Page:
Children 1st @ Birstall

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About Children 1st @ Birstall

Name Children 1st @ Birstall
Ofsted Inspections
Address 1 Park Road, Birstall, Leicester, Leicestershire, LE4 3AX
Phase Childcare on Non-Domestic Premises
Gender Mixed
Local Authority Leicestershire
Highlights from Latest Inspection

What is it like to attend this early years setting?

The provision is good

The positive relationships between children and staff throughout the nursery promotes children's feelings of well-being and safety. Babies confidently approach staff for stories. They show that they feel safe as staff gently comfort them to sleep when they are tired.

Toddlers join in with songs and they know the actions. They respond very positively to the enthusiastic praise from staff, smiling and clapping themselves. Pre-school children work together confidently in their key groups.

They begin to learn about how to promote their own well-being. For example, children take part in yoga sessions. They say the names of ...the poses and they know it is important to drink water afterwards, so they stay hydrated.

Children respond to the high expectations staff have for them. They are eager to have a go at and try new experiences because staff are encouraging and supportive. Children take part in activities that are planned by staff to follow their interests and that extend their learning.

For example, children show excitement when they read a favourite story that features vegetable characters with staff. The children confidently predict what is going to happen next. Staff plan craft activities that link to the story to help children learn about healthy food choices and how to care for their teeth.

What does the early years setting do well and what does it need to do better?

There is a strong management team in the nursery, who work very well with staff to inspire and support them in their work with the children. A clear commitment to training helps contribute to staff's knowledge being kept up to date. This contributes to the consistently good practice and interactions with children throughout the nursery.

The atmosphere in all nursery rooms is calm, productive and happy. Children clearly show a sense of belonging and staff are attentive to their needs.Staff spend time with children as they play, and they know what children need to learn next.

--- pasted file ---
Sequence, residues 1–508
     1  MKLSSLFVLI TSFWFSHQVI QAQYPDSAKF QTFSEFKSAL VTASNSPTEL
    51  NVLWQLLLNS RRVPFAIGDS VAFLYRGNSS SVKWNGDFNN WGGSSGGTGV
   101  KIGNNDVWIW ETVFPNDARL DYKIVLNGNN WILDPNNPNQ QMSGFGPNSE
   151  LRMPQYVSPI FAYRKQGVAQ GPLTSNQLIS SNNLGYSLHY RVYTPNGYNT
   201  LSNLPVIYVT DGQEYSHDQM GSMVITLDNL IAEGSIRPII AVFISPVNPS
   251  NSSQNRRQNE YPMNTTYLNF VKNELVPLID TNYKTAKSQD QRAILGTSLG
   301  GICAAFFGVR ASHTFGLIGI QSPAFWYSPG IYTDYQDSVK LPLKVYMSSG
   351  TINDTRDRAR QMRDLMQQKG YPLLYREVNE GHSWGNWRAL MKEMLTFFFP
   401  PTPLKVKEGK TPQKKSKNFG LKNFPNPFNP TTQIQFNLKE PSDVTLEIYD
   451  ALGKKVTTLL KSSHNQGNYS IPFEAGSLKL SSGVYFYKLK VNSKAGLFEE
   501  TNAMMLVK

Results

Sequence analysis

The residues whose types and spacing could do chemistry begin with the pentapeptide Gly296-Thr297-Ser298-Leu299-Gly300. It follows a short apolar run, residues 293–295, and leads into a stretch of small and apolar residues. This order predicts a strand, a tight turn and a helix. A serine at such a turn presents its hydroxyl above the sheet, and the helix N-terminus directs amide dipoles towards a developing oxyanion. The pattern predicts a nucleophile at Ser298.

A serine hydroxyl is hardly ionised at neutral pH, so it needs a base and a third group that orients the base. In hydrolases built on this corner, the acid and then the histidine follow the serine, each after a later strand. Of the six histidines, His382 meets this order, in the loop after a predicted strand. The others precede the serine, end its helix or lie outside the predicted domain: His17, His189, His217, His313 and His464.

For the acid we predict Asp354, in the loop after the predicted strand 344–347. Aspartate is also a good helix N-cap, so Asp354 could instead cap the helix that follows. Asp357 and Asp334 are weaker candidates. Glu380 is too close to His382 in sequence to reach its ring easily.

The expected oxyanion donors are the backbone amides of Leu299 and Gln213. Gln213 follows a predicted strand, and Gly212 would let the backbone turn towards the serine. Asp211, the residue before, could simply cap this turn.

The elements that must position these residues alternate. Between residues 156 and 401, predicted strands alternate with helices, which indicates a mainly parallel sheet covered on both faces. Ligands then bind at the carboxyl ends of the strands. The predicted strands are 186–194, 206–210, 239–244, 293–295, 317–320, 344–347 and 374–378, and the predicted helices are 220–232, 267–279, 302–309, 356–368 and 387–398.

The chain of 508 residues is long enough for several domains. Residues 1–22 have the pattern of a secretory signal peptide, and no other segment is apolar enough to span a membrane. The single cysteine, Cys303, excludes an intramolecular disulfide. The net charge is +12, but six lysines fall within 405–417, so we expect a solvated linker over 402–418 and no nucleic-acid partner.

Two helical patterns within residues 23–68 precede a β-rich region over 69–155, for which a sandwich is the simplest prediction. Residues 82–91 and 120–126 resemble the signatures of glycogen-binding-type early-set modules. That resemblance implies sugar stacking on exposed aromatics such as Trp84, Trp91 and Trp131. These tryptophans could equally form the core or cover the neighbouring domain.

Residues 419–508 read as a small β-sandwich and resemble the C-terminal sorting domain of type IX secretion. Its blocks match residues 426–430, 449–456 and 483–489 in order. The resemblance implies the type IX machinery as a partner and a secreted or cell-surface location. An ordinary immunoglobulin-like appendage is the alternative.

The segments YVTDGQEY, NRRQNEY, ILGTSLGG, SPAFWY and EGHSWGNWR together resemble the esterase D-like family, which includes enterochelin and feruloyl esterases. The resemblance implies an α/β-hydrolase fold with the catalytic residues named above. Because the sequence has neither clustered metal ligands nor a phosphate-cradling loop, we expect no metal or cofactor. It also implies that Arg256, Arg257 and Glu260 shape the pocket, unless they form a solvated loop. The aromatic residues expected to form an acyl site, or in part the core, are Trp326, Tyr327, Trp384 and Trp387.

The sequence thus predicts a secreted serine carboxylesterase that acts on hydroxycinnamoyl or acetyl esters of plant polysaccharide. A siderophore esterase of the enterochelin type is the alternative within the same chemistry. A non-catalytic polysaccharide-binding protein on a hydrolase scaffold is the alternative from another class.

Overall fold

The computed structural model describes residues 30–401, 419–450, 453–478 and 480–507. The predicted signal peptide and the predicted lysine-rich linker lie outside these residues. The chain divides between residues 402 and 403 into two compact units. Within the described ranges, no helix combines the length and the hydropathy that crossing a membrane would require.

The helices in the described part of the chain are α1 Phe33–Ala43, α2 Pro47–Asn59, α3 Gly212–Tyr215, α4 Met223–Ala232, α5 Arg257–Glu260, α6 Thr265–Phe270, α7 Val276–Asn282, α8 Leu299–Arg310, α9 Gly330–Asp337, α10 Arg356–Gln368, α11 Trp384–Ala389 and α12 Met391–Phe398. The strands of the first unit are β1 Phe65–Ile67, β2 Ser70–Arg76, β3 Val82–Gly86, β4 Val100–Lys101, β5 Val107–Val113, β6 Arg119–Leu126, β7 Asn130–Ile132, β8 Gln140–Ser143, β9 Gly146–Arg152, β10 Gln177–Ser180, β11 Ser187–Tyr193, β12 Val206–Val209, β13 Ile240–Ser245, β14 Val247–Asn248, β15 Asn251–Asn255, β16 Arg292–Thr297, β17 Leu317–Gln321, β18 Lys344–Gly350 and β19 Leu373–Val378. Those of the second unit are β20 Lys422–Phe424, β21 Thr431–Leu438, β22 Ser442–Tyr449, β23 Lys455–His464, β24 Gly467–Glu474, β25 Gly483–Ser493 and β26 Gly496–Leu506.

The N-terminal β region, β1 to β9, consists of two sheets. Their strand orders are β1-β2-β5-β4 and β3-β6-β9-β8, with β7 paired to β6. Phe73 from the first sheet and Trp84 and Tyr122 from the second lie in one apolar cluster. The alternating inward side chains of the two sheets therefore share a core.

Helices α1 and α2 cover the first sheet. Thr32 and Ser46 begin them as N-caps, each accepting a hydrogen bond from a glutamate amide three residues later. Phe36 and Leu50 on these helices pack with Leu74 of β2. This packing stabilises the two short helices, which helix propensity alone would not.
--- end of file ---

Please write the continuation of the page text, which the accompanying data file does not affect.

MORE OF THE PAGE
Staff effectively identify gaps in children's learning. For example, if they need more support to play with their peers and learn to take turns, staff provide games, such as lotto, to develop children's confidence and cooperation skills. Parents are encouraged to share information from home about their child's interests and achievements.

Staff take account of this information when they plan activities.Staff talk to children about what they are doing and listen with interest to the children's comments. For example, when children talk about their favourite dinosaur being a 'velociraptor' and that they like 'herbivores as well as carnivores'.

However, sometimes, staff do not make the most of opportunities that arise to further promote learning and give children confidence to speak. For example, occasionally they ask children lots of questions in quick succession and do not give children time to think about what they want to say in response.Children are actively encouraged to widen their experiences at nursery and begin to develop a sense of responsibility.

Pre-school children contribute to the 'children's council'. They attend a meeting about what they like at nursery and share their ideas for improvements. Staff organise a rota for pre-school children to help with general tasks, such as checking the different areas of the early years unit for tidiness during the day.

This helps children to develop a sense of responsibility and care for their space in the nursery.Staff support children to be independent in all group rooms in the nursery. Babies choose toys they want to play with.

Toddlers learn how to put their coats and aprons on for themselves. Children are supervised and help to serve their own food at mealtimes. Thorough procedures are in place to ensure that any specific health or dietary needs children have are managed effectively.

Older toddlers and pre-school children learn about the 'nursery promises'. These promises link to the expectations for behaviour and children reflect these very well. They work well together, learning to share and be kind to one another.

Parents are happy with the care their children receive at nursery. They comment on how approachable and supportive the staff and managers are. They are happy with the progress they can see their children make at nursery.

Such as knowing songs and rhymes and developing confidence and skills for when they start school.


The arrangements for safeguarding are effective.Staff are confident to speak about the nursery policy for safeguarding.

They know how to recognise signs and symptoms of abuse and how to report any child protection concerns. Regular refresher training and discussions in team meetings helps ensure staff's knowledge remains up to date. The management team are effective in making checks on new and existing staff to ensure they are suitable to work with children.

Staff are vigilant in their risk assessments to identify and take steps to minimise hazards, which helps to ensure children's safety. For example, making regular checks on children when they are sleeping outside in the nursery garden.

What does the setting need to do to improve?

To further improve the quality of the early years provision, the provider should: focus more precisely on the quality of the conversations staff have with children during activities to make the most of the learning opportunities that arise.

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